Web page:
Friday, May 18, 2012

Pimp my UI: Help/Harm Macros

Macros: not this complicated.
Inspiration, yay! Those who read last week's post will know that I've been seeking a topic to blog about for a few weeks now (my post buffer used to be 2 weeks long, and I used it all up). Then, a friend of mine who's leveling a priest sent me a simple whisper asking about help/harm macros. How could I have forgotten to write about something so core to the class? So, this week, it's all about macros.

Macro Basics

While I bet a lot of my readers have heard of macros before, here's a short introduction for those who haven't. A macro is a short program you can write to convert a single key-press or mouse-click into more than one game action. Generally, anything you could do with the chat box is something you can make a macro do, like saying something in chat, inviting someone to your group, or even casting a spell. Unlike most real-world programming languages, macros are designed to be simple, and you don't need to learn a lot to make use of them. Macros are part of the game, you don't need any addons to use them, and they're completely approved by Blizzard.

To make a macro, first, open the macro window by typing /m into the chat box and hitting enter.

Help/harm macros are simple macros you can write to condense one helpful spell and one harmful spell into a single button, freeing up space on your keyboard and action bars. You'll see two tabs near the top of the window, General Macros and Specific Macros. You'll probably want character specific macros for today. Once you've selected the kind you want, click the New button in the bottom-right corner. This will open a smaller window for you to name the new macro and pick an icon for it. Once you've done that, click Okay. You'll now have a new blank macro button in your macro window, and a blinking cursor in the box below labelled "Enter Macro Commands:". Type the macro commands in there (I'll explain this part in a little while), then drag the macro button onto your action bars just like a normal spell.

As I mentioned above, macros can do anything you could from the chat box, and to make it do something, you just put that command in the macro. To do more than one thing in the same macro, just put the next command on the next line. Today I'll be focusing on casting spells, but if you're interested in doing other things, here's some further reading: Slash Commands on WoWWiki (a little outdated, but still good.)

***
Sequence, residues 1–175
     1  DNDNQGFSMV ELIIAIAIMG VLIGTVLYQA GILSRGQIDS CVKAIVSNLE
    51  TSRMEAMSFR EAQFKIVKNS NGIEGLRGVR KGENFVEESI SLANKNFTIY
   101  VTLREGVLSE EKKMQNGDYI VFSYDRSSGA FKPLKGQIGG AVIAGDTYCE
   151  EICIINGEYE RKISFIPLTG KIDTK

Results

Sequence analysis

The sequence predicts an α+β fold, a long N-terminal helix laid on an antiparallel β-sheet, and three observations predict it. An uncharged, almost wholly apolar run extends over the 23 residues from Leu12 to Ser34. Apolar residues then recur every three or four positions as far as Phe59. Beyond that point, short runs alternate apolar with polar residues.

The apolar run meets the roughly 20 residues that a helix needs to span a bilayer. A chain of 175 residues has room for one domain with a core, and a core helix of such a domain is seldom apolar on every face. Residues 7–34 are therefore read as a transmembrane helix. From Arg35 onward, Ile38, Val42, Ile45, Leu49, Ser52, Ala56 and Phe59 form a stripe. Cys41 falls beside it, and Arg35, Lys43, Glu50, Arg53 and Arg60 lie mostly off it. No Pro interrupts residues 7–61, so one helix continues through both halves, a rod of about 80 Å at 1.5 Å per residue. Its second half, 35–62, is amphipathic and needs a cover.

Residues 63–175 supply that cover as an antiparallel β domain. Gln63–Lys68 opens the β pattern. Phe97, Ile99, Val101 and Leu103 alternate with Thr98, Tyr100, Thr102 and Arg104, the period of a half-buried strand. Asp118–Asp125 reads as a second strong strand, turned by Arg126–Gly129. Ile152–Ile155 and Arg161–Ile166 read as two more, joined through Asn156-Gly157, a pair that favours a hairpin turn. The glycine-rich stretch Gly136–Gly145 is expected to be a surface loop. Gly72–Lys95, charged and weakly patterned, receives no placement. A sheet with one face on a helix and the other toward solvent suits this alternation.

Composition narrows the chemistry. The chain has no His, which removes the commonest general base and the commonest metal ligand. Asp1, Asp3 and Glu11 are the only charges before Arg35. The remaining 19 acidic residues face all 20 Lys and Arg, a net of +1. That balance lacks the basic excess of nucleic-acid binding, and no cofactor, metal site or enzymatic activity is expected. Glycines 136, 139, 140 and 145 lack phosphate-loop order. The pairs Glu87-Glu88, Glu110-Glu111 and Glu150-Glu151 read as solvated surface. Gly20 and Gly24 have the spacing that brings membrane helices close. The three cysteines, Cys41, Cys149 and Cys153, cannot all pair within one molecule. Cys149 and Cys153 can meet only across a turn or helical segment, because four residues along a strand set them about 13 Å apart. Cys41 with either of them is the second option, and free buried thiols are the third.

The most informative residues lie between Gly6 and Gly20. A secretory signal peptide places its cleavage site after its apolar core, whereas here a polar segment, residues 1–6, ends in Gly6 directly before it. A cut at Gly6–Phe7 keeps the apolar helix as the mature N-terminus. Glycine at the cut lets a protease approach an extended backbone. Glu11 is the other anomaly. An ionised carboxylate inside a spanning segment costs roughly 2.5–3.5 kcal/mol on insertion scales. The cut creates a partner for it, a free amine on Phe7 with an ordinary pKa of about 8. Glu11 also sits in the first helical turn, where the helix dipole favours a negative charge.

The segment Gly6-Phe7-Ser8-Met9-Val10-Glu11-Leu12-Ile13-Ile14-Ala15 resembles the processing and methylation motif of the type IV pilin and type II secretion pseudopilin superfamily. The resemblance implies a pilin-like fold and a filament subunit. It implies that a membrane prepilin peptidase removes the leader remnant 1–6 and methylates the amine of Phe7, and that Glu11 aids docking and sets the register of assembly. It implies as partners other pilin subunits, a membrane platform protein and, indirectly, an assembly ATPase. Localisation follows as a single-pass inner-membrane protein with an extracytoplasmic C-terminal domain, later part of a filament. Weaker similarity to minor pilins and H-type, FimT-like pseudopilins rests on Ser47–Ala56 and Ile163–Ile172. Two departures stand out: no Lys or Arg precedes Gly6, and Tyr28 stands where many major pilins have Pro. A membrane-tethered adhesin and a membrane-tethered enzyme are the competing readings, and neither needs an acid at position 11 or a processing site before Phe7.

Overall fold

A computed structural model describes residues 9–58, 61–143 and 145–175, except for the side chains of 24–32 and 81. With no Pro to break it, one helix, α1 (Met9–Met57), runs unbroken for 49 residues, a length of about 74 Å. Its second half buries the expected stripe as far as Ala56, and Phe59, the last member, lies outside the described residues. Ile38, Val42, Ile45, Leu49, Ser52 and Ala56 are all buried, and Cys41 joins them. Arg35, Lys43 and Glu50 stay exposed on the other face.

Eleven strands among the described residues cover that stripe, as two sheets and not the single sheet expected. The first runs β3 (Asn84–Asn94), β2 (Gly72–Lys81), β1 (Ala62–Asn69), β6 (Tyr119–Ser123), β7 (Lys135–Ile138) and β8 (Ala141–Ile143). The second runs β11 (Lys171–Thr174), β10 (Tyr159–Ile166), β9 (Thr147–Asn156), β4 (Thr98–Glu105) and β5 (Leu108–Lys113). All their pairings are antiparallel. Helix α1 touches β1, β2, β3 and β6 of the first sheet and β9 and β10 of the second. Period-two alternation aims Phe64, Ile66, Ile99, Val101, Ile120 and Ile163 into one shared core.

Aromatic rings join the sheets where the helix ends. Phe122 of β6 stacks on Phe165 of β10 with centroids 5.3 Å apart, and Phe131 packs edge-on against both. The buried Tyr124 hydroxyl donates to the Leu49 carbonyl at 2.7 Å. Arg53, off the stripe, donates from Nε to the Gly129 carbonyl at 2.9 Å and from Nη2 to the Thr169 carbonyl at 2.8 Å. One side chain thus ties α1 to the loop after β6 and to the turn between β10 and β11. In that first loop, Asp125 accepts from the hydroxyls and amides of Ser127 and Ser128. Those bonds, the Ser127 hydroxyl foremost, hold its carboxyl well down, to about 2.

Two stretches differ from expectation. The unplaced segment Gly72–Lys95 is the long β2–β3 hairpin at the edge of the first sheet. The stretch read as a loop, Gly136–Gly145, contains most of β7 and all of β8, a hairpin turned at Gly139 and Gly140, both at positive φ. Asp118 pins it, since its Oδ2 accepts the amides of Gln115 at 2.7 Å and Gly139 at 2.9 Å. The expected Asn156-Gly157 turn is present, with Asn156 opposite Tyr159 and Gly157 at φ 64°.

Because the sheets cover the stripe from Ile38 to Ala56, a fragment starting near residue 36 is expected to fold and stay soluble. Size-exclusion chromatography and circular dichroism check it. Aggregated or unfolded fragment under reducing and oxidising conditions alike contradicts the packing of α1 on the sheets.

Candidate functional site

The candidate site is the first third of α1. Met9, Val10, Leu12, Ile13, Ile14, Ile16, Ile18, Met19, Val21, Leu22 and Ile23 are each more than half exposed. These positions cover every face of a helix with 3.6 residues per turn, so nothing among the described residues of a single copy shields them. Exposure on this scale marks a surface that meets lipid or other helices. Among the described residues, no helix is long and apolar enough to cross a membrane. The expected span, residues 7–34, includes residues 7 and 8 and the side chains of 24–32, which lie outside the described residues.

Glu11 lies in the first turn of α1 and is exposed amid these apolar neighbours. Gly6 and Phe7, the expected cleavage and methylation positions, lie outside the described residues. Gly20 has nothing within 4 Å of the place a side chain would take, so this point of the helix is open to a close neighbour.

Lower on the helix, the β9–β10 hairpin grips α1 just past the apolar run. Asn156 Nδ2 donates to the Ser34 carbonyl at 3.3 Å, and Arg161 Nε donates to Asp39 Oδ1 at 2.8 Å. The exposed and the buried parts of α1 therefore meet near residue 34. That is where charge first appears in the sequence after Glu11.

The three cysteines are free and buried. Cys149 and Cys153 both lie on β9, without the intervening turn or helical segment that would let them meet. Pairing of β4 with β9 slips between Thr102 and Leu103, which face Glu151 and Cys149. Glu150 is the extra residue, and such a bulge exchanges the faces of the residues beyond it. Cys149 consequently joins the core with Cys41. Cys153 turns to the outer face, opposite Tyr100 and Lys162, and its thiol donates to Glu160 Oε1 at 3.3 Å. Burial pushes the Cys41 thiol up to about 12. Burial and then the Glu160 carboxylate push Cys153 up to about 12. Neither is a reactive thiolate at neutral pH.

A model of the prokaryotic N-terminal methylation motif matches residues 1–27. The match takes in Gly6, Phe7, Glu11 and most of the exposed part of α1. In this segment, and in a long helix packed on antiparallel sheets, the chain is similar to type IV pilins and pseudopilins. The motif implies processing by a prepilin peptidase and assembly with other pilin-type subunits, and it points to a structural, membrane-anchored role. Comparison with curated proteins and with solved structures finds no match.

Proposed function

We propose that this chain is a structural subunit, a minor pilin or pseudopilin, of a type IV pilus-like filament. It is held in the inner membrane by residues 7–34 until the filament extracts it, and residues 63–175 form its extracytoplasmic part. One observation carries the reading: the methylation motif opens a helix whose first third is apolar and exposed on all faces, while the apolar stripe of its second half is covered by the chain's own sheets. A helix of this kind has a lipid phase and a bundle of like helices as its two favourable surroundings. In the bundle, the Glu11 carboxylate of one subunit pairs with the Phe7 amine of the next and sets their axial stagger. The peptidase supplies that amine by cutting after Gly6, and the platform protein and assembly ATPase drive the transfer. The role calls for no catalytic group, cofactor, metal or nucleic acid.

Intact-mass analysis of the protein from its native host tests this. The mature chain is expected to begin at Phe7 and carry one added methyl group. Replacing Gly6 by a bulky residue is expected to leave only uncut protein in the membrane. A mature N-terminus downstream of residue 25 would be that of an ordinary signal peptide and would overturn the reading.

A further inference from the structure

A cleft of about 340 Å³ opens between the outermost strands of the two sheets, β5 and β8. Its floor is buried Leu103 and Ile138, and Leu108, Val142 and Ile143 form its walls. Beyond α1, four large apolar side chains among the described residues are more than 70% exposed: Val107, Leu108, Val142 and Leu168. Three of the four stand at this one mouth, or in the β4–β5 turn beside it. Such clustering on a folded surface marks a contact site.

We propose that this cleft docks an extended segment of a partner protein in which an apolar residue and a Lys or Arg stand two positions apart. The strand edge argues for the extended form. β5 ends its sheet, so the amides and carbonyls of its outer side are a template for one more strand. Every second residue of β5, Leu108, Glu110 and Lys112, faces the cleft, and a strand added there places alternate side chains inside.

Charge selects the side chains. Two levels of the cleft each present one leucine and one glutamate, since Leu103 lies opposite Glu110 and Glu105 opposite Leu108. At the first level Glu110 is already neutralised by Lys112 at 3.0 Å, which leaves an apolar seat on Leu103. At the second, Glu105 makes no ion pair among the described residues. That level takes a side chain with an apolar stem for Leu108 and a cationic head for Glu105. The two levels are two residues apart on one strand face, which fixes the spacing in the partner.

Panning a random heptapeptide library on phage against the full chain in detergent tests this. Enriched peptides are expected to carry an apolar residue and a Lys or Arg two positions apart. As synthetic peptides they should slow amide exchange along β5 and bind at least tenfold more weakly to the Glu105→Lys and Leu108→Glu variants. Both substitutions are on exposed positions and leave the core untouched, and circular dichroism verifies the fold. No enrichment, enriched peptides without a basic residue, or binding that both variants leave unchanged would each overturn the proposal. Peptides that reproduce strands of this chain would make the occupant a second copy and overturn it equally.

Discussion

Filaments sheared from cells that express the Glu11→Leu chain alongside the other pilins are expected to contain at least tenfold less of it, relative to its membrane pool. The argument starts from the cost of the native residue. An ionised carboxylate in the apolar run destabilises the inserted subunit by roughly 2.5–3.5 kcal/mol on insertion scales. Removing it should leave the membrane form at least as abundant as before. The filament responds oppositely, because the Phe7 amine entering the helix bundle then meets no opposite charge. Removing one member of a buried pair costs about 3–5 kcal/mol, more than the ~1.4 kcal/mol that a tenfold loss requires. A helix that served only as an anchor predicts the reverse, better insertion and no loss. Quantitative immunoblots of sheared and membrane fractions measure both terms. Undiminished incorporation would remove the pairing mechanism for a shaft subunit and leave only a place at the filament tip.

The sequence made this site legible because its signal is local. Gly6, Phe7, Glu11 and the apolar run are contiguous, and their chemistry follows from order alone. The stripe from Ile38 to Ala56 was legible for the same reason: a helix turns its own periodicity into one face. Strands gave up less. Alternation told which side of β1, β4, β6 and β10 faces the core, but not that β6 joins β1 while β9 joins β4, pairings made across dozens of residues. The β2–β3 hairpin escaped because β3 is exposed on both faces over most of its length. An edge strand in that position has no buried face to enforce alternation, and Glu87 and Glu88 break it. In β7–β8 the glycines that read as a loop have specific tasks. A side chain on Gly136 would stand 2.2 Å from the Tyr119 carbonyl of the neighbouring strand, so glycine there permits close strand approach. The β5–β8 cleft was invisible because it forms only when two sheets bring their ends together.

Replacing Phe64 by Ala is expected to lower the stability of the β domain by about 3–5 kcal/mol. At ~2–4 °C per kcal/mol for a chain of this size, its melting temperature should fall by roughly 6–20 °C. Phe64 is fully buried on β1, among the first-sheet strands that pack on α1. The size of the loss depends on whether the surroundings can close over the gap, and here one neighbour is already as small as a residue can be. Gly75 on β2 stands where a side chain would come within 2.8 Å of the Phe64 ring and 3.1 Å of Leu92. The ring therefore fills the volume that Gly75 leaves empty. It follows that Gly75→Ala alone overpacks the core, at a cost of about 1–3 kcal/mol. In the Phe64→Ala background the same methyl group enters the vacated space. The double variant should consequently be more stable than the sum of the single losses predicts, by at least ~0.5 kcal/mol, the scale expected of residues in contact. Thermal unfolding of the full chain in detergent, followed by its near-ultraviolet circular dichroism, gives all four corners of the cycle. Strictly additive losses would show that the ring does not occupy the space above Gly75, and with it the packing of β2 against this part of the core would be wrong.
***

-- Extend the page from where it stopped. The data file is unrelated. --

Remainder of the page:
Making a Help/Harm Macro

Help/harm macros are simple macros you can write to condense one helpful spell and one harmful spell into a single button, freeing up space on your keyboard and action bars. Normally, you can't use multiple spells that have a global cooldown in the same macro, but help/harm macros can because they only try to use a single spell at a time.

You make a macro cast a spell like this:

That will cast Flash Heal when you activate the macro. You can use any spell name or item name, and it will try to cast the spell, use the item or equip the item. So far, this macro's not any better than just putting Flash Heal on your action bar. Now we'll make it do something Flash Heal can't on it's own: work when you target an enemy.

This will cast Flash Heal if you were targeting a friendly player, and cast Mind Flay if you were targeting an enemy. Cool huh? Now you only need a single button for both spells. For any macro command, you can put a set of square brackets between the command itself and the rest of the line. Anything between the square brackets will modify how the command works. [help] makes it skip the command if you're not targeting a friendly target. [harm] makes it skip the command if you're not targeting an enemy. You can also preface any modifier with "no" to make it mean to opposite. For example:

This is almost the same as before, but now it will also heal you if you're not targeting anything. (Of course, it might also strip you out of Shadowform if your target dies right before you hit the macro! Oops!) Anyway, using these tags, you can build your own macros to do whatever you need.

Advanced Macro Construction

Here are some more modifiers I find useful:
  • [mod] - Only do this if you're also holding a modifier key (meaning, Shift, Ctrl, or Alt.)
  • [exists] - Only do this if you actually have a target.
  • [spec:1] or [spec:2] - Only do this if you're in your primary or secondary talent specialization.
  • [form] - Only do this if you're in a form (meaning, in Shadowform.)
  • [dead] - Only do this if your target is dead.
  • [mounted] - Only do this if you're riding a mount.
  • [@player] - Use this on yourself instead of your target.
  • [@focus] - Use this on your focus instead of your target.
You can also set multiple different modifiers to the same command. For example:

This will use Power Word: Shield on myself if I hold a modifier key, or use Power Word: Shield on my target if I'm targeting a friendly player. By putting multiple modifiers together in the same set of square brackets, separated by commas, they all apply together. By making a separate set of square brackets, the next set will only be attempted if the first set gets skipped. You can also put [] with nothing in it to make it just try to cast the spell with no modifiers at all if the other brackets got skipped.

By creatively using all the tools I've provided here, you can fit a ton more stuff onto your bars, and make some pretty handy stuff. Soon you'll be making complex macros like these ones that I use:

1 comment:

  1. Thanks this will help a lot. I've tryed to set up my macros a time or two with mixed results Haveing command wording and seqince to follow should help get me on the right track.